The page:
The extent of the links between Jerusalem Fund and IRFAN-Canada was exposed when the case International Relief Fund for the Afflicted and Needy v. Day (sections 27 to 33) was heard in 2008.
Eventually, both parties agreed to an out-of-court settlement in this affair.
The list of IRFAN-Canada directors was still available on the Revenue Canada Agency website while this article was being posted. It is likely that this list will become unavailable since IRFAN-Canada has lost its charity status. PdeB has archived IRFAN-Canada list of directors for the 2000-2009 period HERE.
Here is a summary of other recent situations involving Muslim Brotherhood organizations in Canada that have led to controversy because of their support for terrorism, their corruption, their bookkeeping deficiencies or their questionable use of public funds.
January 26, 2011 – Dar al-Iman School (Montréal)
A Point de Bascule’s article revealed that the Saudi embassy in Ottawa invites Muslims interested in traveling to Mecca for the traditional pilgrimage (hajj) to contact the Muslim Association of Canada travel agency by faxing Dar al-Iman school at (514) 334-1751. This MAC school receives more than half a million dollars in grants from the Québec government yearly. It is not clear at this moment whether or not the school provides other services than secretariat to the MAC-owned commercial enterprise.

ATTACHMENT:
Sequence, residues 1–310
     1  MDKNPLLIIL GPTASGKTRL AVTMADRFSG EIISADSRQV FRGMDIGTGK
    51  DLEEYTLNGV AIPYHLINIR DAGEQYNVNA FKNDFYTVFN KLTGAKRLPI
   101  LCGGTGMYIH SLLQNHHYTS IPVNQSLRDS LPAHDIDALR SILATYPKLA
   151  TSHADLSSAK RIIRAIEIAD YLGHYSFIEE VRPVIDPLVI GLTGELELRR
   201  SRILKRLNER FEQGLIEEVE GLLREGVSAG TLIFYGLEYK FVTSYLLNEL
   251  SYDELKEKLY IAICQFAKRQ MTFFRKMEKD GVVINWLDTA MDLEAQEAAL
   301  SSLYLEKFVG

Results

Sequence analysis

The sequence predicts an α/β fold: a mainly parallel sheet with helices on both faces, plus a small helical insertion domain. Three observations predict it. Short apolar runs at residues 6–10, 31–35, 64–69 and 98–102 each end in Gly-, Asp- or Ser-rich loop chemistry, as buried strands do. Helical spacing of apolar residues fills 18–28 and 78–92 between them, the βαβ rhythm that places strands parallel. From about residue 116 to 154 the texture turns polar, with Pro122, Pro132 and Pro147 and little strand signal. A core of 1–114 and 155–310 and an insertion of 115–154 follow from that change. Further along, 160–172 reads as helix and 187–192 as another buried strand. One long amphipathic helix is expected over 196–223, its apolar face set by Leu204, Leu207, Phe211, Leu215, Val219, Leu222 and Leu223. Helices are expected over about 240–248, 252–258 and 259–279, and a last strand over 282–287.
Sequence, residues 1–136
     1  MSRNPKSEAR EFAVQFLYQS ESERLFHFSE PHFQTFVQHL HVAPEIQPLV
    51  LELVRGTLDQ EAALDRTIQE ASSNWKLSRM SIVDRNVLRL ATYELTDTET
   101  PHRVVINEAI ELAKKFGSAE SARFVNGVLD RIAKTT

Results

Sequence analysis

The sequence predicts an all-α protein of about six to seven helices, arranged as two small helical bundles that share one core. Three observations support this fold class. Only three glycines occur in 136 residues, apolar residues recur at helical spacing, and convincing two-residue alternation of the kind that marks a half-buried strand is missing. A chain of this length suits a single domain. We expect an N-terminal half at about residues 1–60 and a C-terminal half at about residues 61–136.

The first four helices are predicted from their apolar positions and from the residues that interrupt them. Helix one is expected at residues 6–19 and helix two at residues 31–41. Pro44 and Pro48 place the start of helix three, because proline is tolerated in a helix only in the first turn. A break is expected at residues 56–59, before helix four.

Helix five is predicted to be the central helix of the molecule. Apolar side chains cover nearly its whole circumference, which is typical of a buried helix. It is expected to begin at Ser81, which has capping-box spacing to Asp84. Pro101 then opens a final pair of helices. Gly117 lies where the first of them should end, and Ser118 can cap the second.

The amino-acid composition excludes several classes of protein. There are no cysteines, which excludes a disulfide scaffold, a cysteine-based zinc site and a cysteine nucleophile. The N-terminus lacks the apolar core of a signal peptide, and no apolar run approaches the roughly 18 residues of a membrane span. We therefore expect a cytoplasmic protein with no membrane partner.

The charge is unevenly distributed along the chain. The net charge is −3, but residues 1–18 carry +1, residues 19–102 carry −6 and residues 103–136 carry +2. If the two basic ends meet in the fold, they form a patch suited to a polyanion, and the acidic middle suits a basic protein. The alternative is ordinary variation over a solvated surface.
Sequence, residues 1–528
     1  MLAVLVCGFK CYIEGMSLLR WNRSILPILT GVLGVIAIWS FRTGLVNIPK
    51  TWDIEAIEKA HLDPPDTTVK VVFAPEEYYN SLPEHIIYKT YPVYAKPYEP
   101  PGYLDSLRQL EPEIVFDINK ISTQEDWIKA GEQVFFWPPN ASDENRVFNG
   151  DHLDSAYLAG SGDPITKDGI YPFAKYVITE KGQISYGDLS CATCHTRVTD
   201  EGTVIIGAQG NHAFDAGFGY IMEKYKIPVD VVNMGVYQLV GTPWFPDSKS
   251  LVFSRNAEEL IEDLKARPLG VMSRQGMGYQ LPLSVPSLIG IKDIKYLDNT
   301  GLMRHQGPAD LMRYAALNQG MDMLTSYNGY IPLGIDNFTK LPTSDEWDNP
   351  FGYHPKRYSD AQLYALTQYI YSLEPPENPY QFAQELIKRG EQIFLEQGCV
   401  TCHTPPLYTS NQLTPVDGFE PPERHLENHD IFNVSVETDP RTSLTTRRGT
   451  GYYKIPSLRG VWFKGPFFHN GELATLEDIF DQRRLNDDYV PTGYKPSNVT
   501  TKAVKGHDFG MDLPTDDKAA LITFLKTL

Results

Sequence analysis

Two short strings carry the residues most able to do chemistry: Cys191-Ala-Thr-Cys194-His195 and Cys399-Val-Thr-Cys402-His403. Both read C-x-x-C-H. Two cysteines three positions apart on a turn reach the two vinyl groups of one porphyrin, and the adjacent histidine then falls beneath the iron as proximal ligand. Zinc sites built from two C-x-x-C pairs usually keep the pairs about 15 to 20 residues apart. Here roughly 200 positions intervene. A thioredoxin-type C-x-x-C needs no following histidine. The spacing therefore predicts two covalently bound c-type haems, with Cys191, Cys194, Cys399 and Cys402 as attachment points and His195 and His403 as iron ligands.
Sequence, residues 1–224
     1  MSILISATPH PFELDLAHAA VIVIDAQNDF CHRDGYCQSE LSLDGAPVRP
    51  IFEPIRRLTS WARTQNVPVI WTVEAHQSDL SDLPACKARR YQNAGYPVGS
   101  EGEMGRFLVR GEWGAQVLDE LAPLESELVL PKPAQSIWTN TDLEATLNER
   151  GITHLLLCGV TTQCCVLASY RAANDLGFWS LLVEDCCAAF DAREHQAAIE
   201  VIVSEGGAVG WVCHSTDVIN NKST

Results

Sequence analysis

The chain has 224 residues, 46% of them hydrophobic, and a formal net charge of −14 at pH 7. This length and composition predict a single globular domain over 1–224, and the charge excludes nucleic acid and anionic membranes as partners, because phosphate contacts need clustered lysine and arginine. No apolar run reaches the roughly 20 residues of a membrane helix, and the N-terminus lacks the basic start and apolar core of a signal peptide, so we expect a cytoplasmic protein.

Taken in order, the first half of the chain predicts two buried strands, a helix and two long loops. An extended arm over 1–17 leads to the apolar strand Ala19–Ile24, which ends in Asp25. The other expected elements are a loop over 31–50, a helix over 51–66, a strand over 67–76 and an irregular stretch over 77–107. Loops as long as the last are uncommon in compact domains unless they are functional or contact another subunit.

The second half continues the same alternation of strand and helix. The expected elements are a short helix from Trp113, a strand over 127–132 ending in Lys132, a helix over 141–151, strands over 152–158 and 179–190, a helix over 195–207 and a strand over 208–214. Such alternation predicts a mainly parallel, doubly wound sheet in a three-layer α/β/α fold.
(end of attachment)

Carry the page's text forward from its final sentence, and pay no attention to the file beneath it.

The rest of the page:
Federal rules forbid charities (like Dar al-Iman School) from spending donations on business activities that do not aid the charity itself. (Toronto Star)
After Point de Bascule pointed out this other proof of Dar al-Iman School’s subordination towards MAC’s commercial and ideological priorities, the Saudi embassy has eliminated the original pages from its website in order to cover the evidence. The invitation to contact MAC travel agency through Dar al-Iman School has been archived on PdeB. It can be found in the article Les Saoudiens tentent de faire oublier les liens de l’école Dar al-Iman avec l’agence de voyages de la MAC (Saudis Try to Cover Up the Links Between Dar Al-Iman School and MAC Travel Agency).